The Alluring Scent of Lila & Muguet: Treasures Lost & Found in the Rain. . .  Muguet, the Fragrance of May (Convallaria majalis)

Oh, how I wish there were a way to bottle the sweet perfume of a rainy May evening. French lilac, lily-of-the-valley, Spanish and English bluebells, daphne, viburnum, violet and damp moss; the heady fragrance of springtime swirling about in dusk’s chilly air. Alas, with no way to truly preserve it, I’ve resolved to indulge in May’s beautiful aroma twenty-four hours a day, by filling every vase and vessel with freshly cut flowers.

And while out gathering lily-of-the-valley between springtime showers, I made an unanticipated, happy discovery. A favorite pair of Japanese gardening shears —presumed lost in a moment of careless distraction, last autumn— lay partially concealed amongst the muguet; camouflaged by blackened compost and umber leaf mold. Reclaimed in the nick of time, with a bit of oil and a whetstone rub, they’ll soon be no worse for wear. In this moment, I’ll delight in their rust-stained beauty; complement to the bluebell. Treasures lost and found in the rain.

Scilla_hispanica_Spanish_Bluebells_Michaela_Medina_Harlow_thegardenerseden.comSpanish Bluebells (Hyacinthoides hispanica, aka Scilla hispanica) 

Syringa_vulgaris_'Mme._Lemoine_French_ French White Lilac (Syringa vulgaris ‘Mme. Lemoine’)

Lily-of-the-Valley_Convallaria_ majalis_and_Shears_michaela_medina_harlow_thegardenerseden.comLily-of-the-Valley (Convallaria majalis)

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4 Replies to “The Alluring Scent of Lila & Muguet: Treasures Lost & Found in the Rain. . .”

  1. Jen

    Too easy to get distracted while in our gardens! I’ve been known to forget piles of mail in the grass next to a garden that needed weeding on the way back from the mailbox. Glad you found your shears.

    And yes, the scent of spring is heady, for sure. Sometimes it seems that once brought indoors, the scents are never quite right. They become a little too much for the space or smell like they’re hurrying to decay after I’ve cut them, or not proportioned correctly with other scents. As if by the time I’ve got them in vases, there’s already a melancholy about them, nostalgia for what they smelled like outdoors. But I still bring them in and wish I could make the dizzy outdoor scent last a little longer.

  2. TheProspectOfBees

    We had heard that Spanish blue bells (bells all around the upright stem) had no particular scent as opposed to proper English blue bells (bells on one side of arching stem). Is there any truth to this? The former seem easier to come by but we have been avoiding them for the latter.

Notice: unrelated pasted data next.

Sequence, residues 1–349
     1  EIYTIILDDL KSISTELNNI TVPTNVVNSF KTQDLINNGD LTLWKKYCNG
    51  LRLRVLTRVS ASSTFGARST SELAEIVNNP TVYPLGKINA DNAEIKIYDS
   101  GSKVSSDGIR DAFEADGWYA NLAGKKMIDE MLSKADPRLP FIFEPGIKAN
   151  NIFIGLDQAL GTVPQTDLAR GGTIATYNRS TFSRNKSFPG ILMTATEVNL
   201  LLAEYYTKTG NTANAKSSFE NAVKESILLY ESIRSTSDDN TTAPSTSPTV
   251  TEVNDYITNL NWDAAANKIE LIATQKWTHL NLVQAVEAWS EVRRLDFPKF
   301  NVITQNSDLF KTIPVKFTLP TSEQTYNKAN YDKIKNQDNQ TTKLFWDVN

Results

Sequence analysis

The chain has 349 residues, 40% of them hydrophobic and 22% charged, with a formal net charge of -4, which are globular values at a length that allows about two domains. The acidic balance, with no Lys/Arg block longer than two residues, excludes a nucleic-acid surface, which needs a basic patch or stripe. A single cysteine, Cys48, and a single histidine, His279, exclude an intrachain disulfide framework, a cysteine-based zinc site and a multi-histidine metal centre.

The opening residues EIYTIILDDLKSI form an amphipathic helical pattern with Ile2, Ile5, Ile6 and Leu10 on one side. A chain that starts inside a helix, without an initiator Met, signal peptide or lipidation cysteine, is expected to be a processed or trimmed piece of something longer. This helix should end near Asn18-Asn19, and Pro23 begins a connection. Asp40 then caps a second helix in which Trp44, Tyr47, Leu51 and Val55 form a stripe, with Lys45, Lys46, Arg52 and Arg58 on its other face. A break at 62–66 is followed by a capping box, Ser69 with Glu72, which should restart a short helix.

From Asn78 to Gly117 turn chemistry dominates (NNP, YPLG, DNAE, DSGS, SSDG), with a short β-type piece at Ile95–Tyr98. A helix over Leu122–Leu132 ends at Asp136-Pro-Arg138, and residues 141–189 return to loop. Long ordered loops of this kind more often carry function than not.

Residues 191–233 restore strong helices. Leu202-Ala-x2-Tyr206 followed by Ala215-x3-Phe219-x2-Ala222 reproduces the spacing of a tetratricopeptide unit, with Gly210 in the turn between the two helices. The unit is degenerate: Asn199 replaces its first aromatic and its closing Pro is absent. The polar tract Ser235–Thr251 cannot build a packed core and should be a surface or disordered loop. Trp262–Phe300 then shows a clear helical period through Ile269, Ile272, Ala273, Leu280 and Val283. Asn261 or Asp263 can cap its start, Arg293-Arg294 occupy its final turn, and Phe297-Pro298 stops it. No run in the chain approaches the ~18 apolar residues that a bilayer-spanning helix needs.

3. Michaela

    Hello there, Yes, the English Bluebell (Scilla non-scripta or as it is now known, Hyacinthoides non-scripta), is without a doubt the more fragrant of the wood hyacinths. Even within the native English Bluebell species (the English native is a deep, violet blue and yes, small, nodding blossoms on one side), the scent does vary quite a bit depending upon cultural conditions (and the gardener’s nose). And yes, although it isn’t nearly as strong, there does exist a delicate fragrance to some of the heirloom Spanish Bluebells (Scilla hispanica) as well. Hyaninthoides cultivars —with colors ranging from blue, violet, pink and white— also vary quite a bit in characteristics; including the scent. Interestingly, the hybrids —called Hyacinthoides x massartiana— seem to have lost considerable amount of fragrance as the colors have expanded. Although most of the bluebells in my garden are Scilla non-scripta, I do have both Scilla non-scripta and Scilla hispanica as well as hybrids. If you are interested in creating a fragrant woodland of English Bluebells —like the native bluebell woods in Great Britain— I would stick to the Hyacinthoides non-scripta aka S. non-scripta.
    Good question! M

  4. Michaela

    Hi Jen, I find that now that I’ve raised the topic of floral fragrance, all sorts of interesting conversations are happening on the phone, at the dinner table and on various social networks! It seems that our olfactory senses, opinions and attached memories are very strong indeed! I can remember a very cloying bouquet at my grandmother’s house when I was a child. It contained hybrid Hyacinth, among other springtime bulbs. To this day, although I love the scent of Hyacinth out-of-doors, I find the fragrance overpowering in a small room.
    Interestingly, I can never get enough of certain fragrances —usually the delicate ones— which may be why I notice and prefer the slightly spicy Viburnums, Daphnes and the incomparably alluring, ever-coquettish Viola odorata.
    I love this discussion! What a great thing to think about. :) xo M

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